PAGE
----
Initially I thought that Paul did fool around with Tracy in a sexual manner, I just wasn’t sure to what extent. in the grand scheme of things “how much” didn’t matter, what matters is that he did and he shouldn’t have. not only because she was underage, a troubled youth who he was supposed to be helping and guiding as her Social Worker, but also because he was in a long term committed relationship with Alona. I knew all of that and I said as much but I wasn’t really standing behind it. I tried to put myself in Alona’s shoes but she, like me, didn’t really know what she was feeling or why, so I put myself in Paul’s shoes instead. if I couldn’t figure out how I was feeling about him, I could at least try to see things through his eyes. but he kept tripping me up! it was like watching one of those ‘dumbest criminals’ shows; if you’re going to be nefarious, don’t do it half-assed. add to this the fact thatΒ I was attracted to him (duh. he looks just like Richard) and I was all kinds of conflicted. so I let myself be pulled along by him, intuition be damned.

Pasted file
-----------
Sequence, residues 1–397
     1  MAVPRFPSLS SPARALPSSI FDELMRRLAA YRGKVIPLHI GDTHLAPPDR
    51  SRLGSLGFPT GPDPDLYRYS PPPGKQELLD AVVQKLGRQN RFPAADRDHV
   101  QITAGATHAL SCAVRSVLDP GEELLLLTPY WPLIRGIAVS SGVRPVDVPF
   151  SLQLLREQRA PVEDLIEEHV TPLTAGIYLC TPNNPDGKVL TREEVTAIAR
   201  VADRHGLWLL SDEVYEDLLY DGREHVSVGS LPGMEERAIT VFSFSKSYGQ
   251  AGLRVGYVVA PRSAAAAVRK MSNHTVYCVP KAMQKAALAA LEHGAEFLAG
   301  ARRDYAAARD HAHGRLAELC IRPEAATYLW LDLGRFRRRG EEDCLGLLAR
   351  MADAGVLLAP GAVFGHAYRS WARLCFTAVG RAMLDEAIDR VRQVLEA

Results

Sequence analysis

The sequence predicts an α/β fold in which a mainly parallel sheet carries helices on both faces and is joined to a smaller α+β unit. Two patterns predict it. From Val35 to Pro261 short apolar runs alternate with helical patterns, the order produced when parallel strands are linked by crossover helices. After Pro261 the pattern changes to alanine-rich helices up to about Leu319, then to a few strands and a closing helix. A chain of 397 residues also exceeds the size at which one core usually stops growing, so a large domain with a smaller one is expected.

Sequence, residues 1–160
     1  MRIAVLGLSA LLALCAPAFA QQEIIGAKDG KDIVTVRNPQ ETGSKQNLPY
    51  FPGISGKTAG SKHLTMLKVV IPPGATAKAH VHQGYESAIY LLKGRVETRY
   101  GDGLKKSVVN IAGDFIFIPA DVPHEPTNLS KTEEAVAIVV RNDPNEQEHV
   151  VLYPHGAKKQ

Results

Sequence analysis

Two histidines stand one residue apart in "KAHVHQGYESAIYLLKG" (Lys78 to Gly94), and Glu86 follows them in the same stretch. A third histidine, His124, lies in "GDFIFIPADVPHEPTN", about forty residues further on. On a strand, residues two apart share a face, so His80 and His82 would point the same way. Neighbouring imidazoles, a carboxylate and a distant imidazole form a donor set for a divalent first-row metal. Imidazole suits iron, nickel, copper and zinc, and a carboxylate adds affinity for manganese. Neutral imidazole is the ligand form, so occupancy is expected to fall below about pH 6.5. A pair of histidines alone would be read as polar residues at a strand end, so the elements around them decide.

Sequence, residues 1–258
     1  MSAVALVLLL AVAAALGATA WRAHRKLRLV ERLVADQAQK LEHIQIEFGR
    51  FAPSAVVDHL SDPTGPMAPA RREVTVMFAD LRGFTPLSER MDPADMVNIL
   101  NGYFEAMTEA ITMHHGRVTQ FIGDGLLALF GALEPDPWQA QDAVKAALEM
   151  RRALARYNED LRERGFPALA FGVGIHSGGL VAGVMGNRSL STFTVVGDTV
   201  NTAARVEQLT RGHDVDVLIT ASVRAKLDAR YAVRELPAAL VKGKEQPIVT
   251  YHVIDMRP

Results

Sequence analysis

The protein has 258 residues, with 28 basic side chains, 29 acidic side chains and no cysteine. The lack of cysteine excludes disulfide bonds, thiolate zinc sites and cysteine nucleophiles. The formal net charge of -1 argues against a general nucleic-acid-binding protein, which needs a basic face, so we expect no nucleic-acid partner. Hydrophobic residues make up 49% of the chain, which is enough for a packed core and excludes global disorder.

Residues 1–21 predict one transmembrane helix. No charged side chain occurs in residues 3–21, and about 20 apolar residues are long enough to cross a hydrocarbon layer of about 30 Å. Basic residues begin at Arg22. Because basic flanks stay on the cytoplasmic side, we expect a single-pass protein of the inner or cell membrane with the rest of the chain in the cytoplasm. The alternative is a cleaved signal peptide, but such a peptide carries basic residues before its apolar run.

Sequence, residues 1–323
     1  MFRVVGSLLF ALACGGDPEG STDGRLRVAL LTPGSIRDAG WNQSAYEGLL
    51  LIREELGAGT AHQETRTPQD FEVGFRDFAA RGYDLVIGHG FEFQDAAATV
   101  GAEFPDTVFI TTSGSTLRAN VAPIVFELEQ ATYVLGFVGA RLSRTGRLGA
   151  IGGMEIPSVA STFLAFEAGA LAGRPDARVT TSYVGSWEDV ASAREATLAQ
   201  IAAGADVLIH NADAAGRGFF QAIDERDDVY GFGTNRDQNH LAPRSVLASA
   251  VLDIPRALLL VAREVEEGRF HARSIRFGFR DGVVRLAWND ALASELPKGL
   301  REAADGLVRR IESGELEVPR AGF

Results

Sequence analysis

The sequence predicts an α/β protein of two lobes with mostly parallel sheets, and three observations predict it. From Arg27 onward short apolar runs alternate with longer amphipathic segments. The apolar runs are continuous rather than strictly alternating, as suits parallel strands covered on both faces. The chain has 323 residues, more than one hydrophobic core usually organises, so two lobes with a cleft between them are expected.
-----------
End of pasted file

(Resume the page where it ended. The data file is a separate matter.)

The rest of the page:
I knew. and he knew that I knew. and I knew that he knew that I knew. but none of that mattered.

I knew. and he knew that I knew. and I knew that he knew that I knew. but none of it mattered.

I felt that Paul was feeling neglected, that Alona was in denial about her control issues, and that giving in to Tracy’s advances not only made Paul feel desirable and needed but also in control. I still feel all of that, but in watching the whole program (more than once- denial is a stubborn thing) additional aspects became more clear. Tracy’s advances did make Paul feel desirable and in control, because she was broken and she needed him. just like Alona was broken when they first met and she needed him. they needed him for different reasons but they were both damsels in distress that weren’t in their own mind at the time. Alona eventually moved away from that needy persona into a similar one when she decided to have a child with Paul. I’m not sure how involved Paul was as a father but I suspect Alona needed the family man when their child was small. flash forward 6 or 7 years (I’m not sure how old their daughter was supposed to be) with a slightly older child and an extra pair of hands (the nanny) plus an angsty teenage boy who was testing his boundaries, and Alona had traded in need for control. something I understood all too well and did not want to face by seeing myself in Alona. I didn’t want to sympathize with Alona, I wanted to comfort Paul and keep him for myself.